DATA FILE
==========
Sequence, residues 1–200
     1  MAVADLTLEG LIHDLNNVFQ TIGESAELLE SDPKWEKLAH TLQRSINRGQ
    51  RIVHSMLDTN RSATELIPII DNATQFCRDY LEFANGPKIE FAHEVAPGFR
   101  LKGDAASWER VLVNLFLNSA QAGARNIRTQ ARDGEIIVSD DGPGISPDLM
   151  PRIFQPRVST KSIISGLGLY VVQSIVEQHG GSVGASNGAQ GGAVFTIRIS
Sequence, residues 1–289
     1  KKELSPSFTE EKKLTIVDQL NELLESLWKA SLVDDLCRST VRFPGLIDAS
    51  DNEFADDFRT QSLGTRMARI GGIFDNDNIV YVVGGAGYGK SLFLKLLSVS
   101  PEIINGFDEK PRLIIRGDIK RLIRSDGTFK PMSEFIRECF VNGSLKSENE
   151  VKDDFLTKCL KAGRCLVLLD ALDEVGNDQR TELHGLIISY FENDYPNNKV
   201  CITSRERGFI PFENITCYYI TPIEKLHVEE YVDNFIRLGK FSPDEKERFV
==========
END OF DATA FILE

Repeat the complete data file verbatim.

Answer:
Sequence, residues 1–200
     1  MAVADLTLEG LIHDLNNVFQ TIGESAELLE SDPKWEKLAH TLQRSINRGQ
    51  RIVHSMLDTN RSATELIPII DNATQFCRDY LEFANGPKIE FAHEVAPGFR
   101  LKGDAASWER VLVNLFLNSA QAGARNIRTQ ARDGEIIVSD DGPGISPDLM
   151  PRIFQPRVST KSIISGLGLY VVQSIVEQHG GSVGASNGAQ GGAVFTIRIS
Sequence, residues 1–289
     1  KKELSPSFTE EKKLTIVDQL NELLESLWKA SLVDDLCRST VRFPGLIDAS
    51  DNEFADDFRT QSLGTRMARI GGIFDNDNIV YVVGGAGYGK SLFLKLLSVS
   101  PEIINGFDEK PRLIIRGDIK RLIRSDGTFK PMSEFIRECF VNGSLKSENE
   151  VKDDFLTKCL KAGRCLVLLD ALDEVGNDQR TELHGLIISY FENDYPNNKV
   201  CITSRERGFI PFENITCYYI TPIEKLHVEE YVDNFIRLGK FSPDEKERFV